Date of Award


Document Type


Degree Name

Master of Arts (M.A.)



First Advisor

Corey S. Stocco

First Committee Member

Matthew Normand

Second Committee Member

Kevin Luczynski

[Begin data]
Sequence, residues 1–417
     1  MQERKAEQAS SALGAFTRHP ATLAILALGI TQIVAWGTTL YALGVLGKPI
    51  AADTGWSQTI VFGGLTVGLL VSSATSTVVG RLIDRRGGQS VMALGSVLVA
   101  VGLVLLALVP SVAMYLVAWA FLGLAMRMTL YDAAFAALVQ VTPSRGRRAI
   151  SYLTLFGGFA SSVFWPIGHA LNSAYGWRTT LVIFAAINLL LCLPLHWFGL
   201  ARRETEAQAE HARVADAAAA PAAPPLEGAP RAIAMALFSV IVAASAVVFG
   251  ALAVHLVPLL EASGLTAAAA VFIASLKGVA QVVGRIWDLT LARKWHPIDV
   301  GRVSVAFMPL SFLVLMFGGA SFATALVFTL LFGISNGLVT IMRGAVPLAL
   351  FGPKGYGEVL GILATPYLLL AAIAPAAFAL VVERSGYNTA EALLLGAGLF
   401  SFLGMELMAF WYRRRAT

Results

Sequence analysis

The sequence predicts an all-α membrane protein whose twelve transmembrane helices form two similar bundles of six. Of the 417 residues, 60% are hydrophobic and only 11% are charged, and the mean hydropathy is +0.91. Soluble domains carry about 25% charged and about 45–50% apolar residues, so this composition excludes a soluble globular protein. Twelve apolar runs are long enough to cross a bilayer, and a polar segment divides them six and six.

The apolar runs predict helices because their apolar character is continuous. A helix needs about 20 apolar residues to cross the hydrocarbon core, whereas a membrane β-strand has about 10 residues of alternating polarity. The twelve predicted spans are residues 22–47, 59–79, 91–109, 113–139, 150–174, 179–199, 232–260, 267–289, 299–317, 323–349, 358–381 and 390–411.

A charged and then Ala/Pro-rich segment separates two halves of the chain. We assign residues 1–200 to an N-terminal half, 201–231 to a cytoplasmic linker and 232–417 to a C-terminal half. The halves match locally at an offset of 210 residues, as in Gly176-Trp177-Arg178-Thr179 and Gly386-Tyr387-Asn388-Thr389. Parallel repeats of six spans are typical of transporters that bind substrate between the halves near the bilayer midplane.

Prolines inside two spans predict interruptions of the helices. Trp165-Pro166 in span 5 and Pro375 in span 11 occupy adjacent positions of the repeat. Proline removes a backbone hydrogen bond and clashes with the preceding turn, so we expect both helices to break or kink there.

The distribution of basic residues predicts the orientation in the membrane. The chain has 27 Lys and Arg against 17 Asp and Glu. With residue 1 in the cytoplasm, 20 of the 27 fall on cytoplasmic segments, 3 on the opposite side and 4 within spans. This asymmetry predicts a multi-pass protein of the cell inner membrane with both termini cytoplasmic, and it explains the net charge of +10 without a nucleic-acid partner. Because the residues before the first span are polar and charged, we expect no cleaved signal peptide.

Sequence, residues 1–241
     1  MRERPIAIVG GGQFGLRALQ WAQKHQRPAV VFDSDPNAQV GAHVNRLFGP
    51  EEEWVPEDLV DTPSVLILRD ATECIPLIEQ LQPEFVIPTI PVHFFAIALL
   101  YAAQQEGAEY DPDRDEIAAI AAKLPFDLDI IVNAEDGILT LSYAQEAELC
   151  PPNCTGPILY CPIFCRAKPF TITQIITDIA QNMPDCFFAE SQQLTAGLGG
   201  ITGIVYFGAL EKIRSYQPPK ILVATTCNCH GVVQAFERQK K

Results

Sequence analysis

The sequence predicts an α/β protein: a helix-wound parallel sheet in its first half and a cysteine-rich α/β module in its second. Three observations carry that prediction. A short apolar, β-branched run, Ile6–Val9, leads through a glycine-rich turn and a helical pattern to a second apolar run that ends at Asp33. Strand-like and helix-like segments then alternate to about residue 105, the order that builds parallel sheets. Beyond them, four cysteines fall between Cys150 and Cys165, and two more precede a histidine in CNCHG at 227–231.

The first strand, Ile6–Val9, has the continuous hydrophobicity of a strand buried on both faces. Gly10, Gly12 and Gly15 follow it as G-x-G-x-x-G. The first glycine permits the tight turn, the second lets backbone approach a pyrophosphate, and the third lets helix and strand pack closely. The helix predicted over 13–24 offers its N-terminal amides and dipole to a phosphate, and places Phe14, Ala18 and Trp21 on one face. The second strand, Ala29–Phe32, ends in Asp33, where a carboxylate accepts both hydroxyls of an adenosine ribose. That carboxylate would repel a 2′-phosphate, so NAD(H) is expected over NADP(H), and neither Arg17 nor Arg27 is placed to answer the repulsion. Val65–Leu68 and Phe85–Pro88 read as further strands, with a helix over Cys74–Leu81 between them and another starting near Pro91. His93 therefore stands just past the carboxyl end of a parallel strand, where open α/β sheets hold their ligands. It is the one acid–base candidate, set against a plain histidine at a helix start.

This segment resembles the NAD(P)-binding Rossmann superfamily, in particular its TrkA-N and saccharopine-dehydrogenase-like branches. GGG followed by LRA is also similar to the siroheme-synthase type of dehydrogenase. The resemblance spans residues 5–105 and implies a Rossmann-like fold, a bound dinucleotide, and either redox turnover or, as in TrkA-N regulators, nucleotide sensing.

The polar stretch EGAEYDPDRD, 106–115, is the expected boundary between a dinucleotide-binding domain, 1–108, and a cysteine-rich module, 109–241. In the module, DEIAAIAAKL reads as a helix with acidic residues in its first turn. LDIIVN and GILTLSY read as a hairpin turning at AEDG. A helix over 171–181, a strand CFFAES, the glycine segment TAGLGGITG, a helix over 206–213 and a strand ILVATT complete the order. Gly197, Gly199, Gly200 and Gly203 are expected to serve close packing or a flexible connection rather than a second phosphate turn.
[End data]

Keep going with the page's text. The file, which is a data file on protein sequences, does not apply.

Although lying is a major concern for many caregivers (Alwin, 1989; Gervais et al., 2000), there is little behavior analytic research on effective, practical interventions. Studies have shown that a moral story, instruction, or rule implying praise for honesty produced statistically significant improvements in children admitting a transgression (Lee et al., 2014; Talwar et al., 2015; Talwar et al., 2016). Although praise has been shown to function as a reinforcer (Dozier et al., 2012; Hall et al., 1968; Polick et al., 2012), it is unknown if an intervention package including praise for telling the truth would compete with reinforcement contingencies for lying. We evaluated an intervention package comprised of this moral story, instruction, and rule in combination with praising honest reports when reinforcement favored lying. We identified and used each participant’s preferred topography of praise using a multiple-stimulus without replacement preference assessment (MSWO; Deleon & Iwata, 1996). No or minimal increase in honest reports was observed following the praise-based intervention. However, reinforcement of correspondence produced a complete increase in honest reports when staggered across participants using a multiple baseline design.





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